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Human chorionic gonadotropin

About: Human chorionic gonadotropin is a research topic. Over the lifetime, 7183 publications have been published within this topic receiving 185720 citations. The topic is also known as: Ovidrel & Atc Code G03 Ga Gonadotropins.


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Journal ArticleDOI
TL;DR: The total rate of pregnancy loss after implantation, including clinically recognized spontaneous abortions, was 31 percent and most of the 40 women with unrecognized early pregnancy losses had normal fertility, since 95 percent of them subsequently became clinically pregnant within two years.
Abstract: We studied the risk of early loss of pregnancy by collecting daily urine specimens from 221 healthy women who were attempting to conceive. Urinary concentrations of human chorionic gonadotropin (hCG) were measured for a total of 707 menstrual cycles with use of an immunoradiometric assay that is able to detect hCG levels as low as 0.01 ng per milliliter, with virtually 100 percent specificity for hCG in the presence of luteinizing hormone. Our criterion for early pregnancy--an hCG level above 0.025 ng per milliliter on three consecutive days--was determined after we compared the hCG levels in the study group with the levels in a comparable group of 28 women who had undergone sterilization by tubal ligation. We identified 198 pregnancies by an increase in the hCG level near the expected time of implantation. Of these, 22 percent ended before pregnancy was detected clinically. Most of these early pregnancy losses would not have been detectable by the less sensitive assays for hCG used in earlier studies. The total rate of pregnancy loss after implantation, including clinically recognized spontaneous abortions, was 31 percent. Most of the 40 women with unrecognized early pregnancy losses had normal fertility, since 95 percent of them subsequently became clinically pregnant within two years.

1,926 citations

Journal ArticleDOI
TL;DR: A radioimmunoassay which selectively measures HCG in samples containing both human pituitary luteinizing hormone (HLH) and HCG, and the sensitivity of the assay is sufficient for distinguishing HCG from follicular and luteal phase HLH levels.

850 citations

Journal ArticleDOI
TL;DR: The assay is sufficiently sensitive to permit quantitation of normal amounts of luteinizing hormone in 0.1 ml of unconcentrated serum and urine of women near the time of presumed ovulation.
Abstract: Purified human chorionic gonadotropin has been radioiodinated to give an immunologically and biologically active product which possesses high specific activity. With this labeled hormone and an antiserum which is capable of reacting specifically with human luteinizing hormone and human chorionic gonadotropin, a sensitive and specific radioimmunoassay has been developed. Comparable results have been obtained when the content of luteinizing hormone in preparations differing widely in luteinizing and follicle stimulating activity have been estimated by the radioimmunoassay and the ovarian ascorbic acid depletion bio-assay. The assay is sufficiently sensitive to permit quantitation of normal amounts of luteinizing hormone in 0.1 ml of unconcentrated serum and urine. With the use of the assay, peaks in concentration of luteinizing hormone have been found in serum and urine of women near the time of presumed ovulation. (Endocrinology 79: 10, 1966)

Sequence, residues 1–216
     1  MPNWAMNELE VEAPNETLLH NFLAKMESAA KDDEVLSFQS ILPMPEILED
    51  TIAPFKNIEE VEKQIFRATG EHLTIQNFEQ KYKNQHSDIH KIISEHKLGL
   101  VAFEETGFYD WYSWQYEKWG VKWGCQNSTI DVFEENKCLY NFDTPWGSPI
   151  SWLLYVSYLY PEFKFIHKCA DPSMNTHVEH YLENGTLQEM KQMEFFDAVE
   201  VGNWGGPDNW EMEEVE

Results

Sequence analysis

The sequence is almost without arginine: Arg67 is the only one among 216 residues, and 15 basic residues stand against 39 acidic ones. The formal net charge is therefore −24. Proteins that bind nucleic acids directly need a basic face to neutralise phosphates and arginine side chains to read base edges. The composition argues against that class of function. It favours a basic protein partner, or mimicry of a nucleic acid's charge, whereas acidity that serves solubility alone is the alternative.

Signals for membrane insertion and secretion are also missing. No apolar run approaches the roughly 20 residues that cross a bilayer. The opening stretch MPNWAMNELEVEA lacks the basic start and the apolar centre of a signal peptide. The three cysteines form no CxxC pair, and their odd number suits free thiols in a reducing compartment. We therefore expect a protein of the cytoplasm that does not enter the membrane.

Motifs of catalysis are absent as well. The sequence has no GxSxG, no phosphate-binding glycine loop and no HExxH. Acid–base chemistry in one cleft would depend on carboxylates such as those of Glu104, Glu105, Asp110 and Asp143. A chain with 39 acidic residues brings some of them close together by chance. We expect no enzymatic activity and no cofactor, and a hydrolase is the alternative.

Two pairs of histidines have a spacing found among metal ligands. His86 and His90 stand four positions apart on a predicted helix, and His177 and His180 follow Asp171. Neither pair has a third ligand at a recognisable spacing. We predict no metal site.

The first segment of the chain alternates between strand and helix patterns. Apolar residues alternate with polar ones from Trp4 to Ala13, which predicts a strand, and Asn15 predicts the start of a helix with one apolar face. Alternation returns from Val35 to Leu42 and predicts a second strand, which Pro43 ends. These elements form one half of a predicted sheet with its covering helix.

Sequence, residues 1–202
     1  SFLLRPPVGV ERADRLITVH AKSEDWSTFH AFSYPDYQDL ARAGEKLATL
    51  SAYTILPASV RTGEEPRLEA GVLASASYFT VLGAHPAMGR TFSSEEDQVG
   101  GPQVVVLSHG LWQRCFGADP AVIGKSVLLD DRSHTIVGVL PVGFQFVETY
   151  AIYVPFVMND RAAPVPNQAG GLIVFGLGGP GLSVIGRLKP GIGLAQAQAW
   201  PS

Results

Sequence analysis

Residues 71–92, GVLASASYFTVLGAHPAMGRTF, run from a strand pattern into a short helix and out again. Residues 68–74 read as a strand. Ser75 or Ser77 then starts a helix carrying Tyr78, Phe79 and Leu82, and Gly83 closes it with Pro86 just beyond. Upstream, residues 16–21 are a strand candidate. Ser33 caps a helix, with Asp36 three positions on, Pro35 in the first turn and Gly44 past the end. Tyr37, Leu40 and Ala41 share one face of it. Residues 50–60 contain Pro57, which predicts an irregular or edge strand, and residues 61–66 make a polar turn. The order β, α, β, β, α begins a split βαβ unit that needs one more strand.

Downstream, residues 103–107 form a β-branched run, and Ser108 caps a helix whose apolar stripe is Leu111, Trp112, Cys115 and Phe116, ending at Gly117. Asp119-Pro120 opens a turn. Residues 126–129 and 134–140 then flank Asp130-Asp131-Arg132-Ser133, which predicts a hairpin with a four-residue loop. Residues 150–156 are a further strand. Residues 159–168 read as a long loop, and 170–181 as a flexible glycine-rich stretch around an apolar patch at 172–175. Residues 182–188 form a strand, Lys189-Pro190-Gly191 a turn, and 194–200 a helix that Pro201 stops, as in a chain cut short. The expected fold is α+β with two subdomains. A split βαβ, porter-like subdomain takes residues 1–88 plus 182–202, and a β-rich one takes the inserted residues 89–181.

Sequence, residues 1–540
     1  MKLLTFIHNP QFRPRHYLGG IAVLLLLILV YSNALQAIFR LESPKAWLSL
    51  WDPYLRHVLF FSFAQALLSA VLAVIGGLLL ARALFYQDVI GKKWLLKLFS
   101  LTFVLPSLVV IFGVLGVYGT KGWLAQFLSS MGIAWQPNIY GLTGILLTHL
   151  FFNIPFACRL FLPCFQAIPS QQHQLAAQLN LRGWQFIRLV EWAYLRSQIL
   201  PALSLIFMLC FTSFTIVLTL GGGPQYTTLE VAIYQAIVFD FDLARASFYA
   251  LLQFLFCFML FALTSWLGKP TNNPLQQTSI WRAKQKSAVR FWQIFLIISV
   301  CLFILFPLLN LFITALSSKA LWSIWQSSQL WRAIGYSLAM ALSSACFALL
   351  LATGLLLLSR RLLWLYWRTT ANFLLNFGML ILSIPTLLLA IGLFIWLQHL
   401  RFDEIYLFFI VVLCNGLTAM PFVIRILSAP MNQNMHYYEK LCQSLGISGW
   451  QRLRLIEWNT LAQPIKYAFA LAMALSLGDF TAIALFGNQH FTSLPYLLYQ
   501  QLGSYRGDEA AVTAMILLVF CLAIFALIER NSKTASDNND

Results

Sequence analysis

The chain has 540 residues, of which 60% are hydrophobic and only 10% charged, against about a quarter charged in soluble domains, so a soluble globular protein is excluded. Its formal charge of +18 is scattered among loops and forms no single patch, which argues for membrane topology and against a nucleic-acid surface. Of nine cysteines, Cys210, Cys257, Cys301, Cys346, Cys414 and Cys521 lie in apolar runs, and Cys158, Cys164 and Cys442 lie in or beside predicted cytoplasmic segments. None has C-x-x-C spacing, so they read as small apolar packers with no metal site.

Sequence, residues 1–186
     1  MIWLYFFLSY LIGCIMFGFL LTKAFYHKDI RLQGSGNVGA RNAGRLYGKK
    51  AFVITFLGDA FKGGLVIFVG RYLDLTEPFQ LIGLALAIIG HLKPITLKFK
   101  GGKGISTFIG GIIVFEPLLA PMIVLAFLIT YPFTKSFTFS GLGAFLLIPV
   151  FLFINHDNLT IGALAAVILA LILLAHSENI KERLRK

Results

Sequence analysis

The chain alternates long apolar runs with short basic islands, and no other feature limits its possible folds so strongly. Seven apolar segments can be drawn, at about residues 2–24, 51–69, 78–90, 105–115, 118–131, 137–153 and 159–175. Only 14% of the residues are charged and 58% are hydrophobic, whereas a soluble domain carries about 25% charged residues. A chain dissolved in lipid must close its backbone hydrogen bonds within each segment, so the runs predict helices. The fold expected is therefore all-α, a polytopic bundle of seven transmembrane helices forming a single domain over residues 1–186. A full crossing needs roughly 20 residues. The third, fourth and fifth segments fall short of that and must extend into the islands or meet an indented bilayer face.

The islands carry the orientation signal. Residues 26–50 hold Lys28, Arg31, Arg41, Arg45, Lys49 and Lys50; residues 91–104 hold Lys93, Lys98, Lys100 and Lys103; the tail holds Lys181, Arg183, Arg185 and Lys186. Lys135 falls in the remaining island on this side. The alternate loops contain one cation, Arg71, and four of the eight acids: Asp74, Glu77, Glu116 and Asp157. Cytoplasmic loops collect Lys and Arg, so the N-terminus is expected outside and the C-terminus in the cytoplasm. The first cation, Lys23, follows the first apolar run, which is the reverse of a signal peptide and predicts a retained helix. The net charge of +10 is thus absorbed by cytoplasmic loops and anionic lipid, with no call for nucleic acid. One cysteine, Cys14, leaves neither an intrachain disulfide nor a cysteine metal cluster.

756 citations

Journal ArticleDOI
TL;DR: It has been known for some time that human chorionic gonadotropin (HCG) will augment the action of FSH in the ovary and Bates and Schooley (1942) indicated that it might be possible to use it as an assay method.
Abstract: INTRODUCTION There have been in the past numerous attempts to quantitatively assay the follicle stimulating hormone (FSH) of the anterior pituitary. Fevold et al. (1937, 1940) and many others have used the increase in ovarian weight in immature female rats. Evans et al. (1939) have employed an histological assay based upon the production of healthy (nonatretic) follicles with small antra in the ovaries of hypophysectomized female rats. Many other workers use uterine weight as a criterion for the estimation of FSH activity. In hypophysectomized male rats Greep et al. (1940, 1942) have employed the increase in testicular weight, in the absence of hypertrophy of the prostate and seminal vesicles, as a means of determination of FSH. It has been known for some time that human chorionic gonadotropin (HCG) will augment the action of FSH in the ovary. Bates and Schooley (1942) in their excellent article on this subject indicated that it might be possible to use it as an assay method.

694 citations

Journal ArticleDOI
TL;DR: Based on the recent discovery of GnRH multiplicity in fish and the increasing understanding of its functional significance, new GnRH agonists can be designed for more potent, affordable and physiologically-compatible spawning induction therapies.

590 citations


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Performance
Metrics
No. of papers in the topic in previous years
YearPapers
2023157
2022326
2021111
2020137
2019136
2018134